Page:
It’s been a while since my last update on breastfeeding, and the good news is, the blebs seem to be, for now, at bay. It took waaaay longer than anticipated for them to fade which meant the pain lasted WAAAAAY longer than anticipated, too, but for over a month now, things have been (knock on wood) back to normal/good. Fingers (and toes) crossed that this trend continues.

To be fair, we gave the system a good test by taking it on the road for our SoDak trip. Nursing away from home is never easy with a baby this age (so distracted! so many extra-long stops along the way!), but all things considered, Wilson did a great job of rolling with it and not injuring me again as we traveled.

Although I am no stranger to nursing in very public places if need be (can you say Houston Children’s Museum, WHOA), I prefer to sneak away when I can, and fortunately on our trip, 90% of the time, I could do just that. I had one afternoon when we rode the 1880s train from Hill City to Keystone and back where I had to nurse both on the train (for soothing because she HATED it) and on a bench at the station (which was empty when I sat down but then soon filled with other bench sitters even though departure time was still 45 mins out, but hey – we saw a deer up close!), but otherwise we were either back at our cabin with my family or I had access to our van.

Ah, nursing in the minivan. Nowhere near as bad as nursing in a public bathroom (ew) but still strange. But also air conditioned and with the option to sort of hang blankets to block view of the passenger seat and still use my Boppy, so really pretty fantastic. Much of our feedings we looked like this, and yes, most of them also turned into little cat naps for Little Miss:

And really, on our big travel days, the extra long pit stops weren’t such a bad deal, either, because it gave the Bigs a chance to get out and stretch legs, etc. at parks along the way. Bless it, I am a BIG fan of Google Maps satellite view because all you have to do is zoom in and look for a baseball diamond in just about any small town and there ye shall also find a park and public restroom. Modern pioneering, I tell ya.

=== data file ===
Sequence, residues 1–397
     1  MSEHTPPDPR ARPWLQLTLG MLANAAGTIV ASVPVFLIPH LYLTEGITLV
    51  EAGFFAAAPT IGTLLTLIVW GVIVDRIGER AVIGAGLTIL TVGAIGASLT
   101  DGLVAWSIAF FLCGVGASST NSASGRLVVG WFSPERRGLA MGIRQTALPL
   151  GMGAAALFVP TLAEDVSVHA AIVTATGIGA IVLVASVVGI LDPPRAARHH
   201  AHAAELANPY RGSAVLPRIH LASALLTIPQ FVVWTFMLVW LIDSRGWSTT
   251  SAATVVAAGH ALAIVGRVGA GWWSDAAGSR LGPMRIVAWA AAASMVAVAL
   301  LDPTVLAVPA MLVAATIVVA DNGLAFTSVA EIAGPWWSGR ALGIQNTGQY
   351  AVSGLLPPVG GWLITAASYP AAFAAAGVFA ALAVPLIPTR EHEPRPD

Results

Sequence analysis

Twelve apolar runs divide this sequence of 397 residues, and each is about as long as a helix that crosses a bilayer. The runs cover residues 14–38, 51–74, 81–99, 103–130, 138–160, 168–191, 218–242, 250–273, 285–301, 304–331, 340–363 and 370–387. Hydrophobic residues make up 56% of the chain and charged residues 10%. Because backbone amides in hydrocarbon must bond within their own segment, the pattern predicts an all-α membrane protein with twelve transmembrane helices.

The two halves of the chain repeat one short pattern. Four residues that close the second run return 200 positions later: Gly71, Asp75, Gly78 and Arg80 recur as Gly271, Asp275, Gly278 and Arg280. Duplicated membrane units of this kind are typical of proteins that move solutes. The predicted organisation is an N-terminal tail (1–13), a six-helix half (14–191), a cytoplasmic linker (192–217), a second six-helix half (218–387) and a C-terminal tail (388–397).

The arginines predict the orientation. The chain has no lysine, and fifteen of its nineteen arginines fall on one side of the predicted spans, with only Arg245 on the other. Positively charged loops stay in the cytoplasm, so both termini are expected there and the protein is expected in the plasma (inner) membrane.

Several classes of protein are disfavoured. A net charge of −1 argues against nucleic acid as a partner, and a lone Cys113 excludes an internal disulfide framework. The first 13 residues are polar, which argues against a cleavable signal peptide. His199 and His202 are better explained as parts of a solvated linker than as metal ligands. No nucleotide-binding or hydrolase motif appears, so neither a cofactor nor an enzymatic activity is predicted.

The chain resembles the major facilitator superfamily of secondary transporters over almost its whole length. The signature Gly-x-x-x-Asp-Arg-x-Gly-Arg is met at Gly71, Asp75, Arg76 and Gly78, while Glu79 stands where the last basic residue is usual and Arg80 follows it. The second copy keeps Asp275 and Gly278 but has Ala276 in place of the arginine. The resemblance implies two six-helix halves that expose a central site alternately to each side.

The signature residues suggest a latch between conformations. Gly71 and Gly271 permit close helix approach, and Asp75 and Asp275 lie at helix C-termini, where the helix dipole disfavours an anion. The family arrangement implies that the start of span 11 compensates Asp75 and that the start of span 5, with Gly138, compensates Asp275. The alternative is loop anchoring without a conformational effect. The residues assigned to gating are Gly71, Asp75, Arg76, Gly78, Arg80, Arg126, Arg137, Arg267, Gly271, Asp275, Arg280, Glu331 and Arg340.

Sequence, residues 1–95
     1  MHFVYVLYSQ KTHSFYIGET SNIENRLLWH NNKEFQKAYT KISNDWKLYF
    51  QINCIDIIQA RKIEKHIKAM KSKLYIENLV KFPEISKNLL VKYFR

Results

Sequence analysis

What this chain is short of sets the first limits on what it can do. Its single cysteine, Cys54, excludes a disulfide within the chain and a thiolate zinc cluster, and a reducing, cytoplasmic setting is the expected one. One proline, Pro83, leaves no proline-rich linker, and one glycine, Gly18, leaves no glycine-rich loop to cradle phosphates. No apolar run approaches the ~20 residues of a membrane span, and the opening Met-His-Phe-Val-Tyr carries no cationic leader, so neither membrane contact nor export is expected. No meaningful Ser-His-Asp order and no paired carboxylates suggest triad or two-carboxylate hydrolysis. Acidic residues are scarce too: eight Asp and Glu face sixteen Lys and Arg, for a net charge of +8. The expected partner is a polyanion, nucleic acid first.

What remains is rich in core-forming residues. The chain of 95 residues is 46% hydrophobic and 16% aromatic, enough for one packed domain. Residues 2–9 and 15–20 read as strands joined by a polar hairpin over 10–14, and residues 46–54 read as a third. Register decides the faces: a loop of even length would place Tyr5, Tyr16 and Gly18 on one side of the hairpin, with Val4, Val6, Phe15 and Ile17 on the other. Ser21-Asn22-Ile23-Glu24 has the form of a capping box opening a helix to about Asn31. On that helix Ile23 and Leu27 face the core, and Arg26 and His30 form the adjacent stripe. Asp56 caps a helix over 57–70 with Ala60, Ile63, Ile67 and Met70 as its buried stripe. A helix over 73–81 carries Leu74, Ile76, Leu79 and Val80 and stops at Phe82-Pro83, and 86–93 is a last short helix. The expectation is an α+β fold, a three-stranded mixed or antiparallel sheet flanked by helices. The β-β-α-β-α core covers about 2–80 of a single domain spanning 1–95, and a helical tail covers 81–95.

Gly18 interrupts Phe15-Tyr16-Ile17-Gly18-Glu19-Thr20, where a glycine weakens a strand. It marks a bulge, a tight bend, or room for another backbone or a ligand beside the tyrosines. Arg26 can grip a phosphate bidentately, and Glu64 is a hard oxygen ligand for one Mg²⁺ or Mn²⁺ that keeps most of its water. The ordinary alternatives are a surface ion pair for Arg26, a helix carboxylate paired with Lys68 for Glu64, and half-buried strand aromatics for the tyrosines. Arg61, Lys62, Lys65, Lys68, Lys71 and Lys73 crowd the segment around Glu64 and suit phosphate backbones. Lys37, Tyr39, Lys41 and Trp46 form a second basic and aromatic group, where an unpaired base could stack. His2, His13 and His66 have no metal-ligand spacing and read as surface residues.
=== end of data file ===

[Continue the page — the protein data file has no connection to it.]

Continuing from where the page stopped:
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Also very modern? Something I discovered (and am very excited about, very grateful for) upon returning home from our trip: a nursing swimsuit! I know, I know. I just bought a new suit this summer, but I am returning it because this is awesome and I had no idea until last week that such a thing even existed. It’s a two piece with extra high, extra comfy and flattering bottoms, and a top that unbuttons from the tops of the shoulders (but still with straps down the front so you still stay covered and everything stays in place) from Latched Mama. I get it that the Internet is a creepy place sometimes, and who knows how it decided to show me an ad for this suit, but bless it (again), I’ll take it!

This will get its official test run this weekend on a little family excursion, but I’m already totally thrilled by the fit and accessibility, not to mention the postpartum-friendly design (no matter how many months or years that’s been, actually). Even though the snaps will eventually be obsolete, I can see wearing this for a few summers for sure.

So, from here to there and there to here, I can nurse just anywhere! 😉

Road Weary

Yesterday we did a first ever (and let’s be real, unlikely to be repeated for many, many years) 9+ hour drive with the children in one go. Also a first ever? A six day trip with the children, and as any of you currently living with the 10&U crowd may know, a TRIP is very, very different from a VACATION.

Yes, we did touristy things, but no, I would not call our Black Hills Extravaganza a vacation because we had to do all the normal parenting things but with a bunch of extra hours in the car, sugar, loosey-goosey bedtimes, and not in our own house. While I know what I signed up for when having (this many) children, I also know that I look forward to the day when B and I can once again travel in such a way that does not involve working harder than we do when we’re at home.

Of course, the trip itself had a slightly heavy undercurrent as our real reason for venturing so far from home with so many young children (maybe by the end of this post, I’ll get mentioning that so much out of my system) was to pay final respects to my grandpa, Cliff, and attend his internment ceremony at Black Hills National Cemetery in Sturgis, SD. So yes, tourists over the weekend and once again mourning on Monday. But it was good that we could be there because I slipped up big time when we attended his funeral in March by not taking a moment to say my actual goodbyes to him, and on this trip I made darn sure to get the closure that I needed.

After tears and hugs and goodbyes post-ceremony, it was time to hit the road home because two kids had camp starting this (Tuesday) morning and we knew were looking at 7hrs, 45mins even without kid stops and a time zone change to boot, so on we rolled.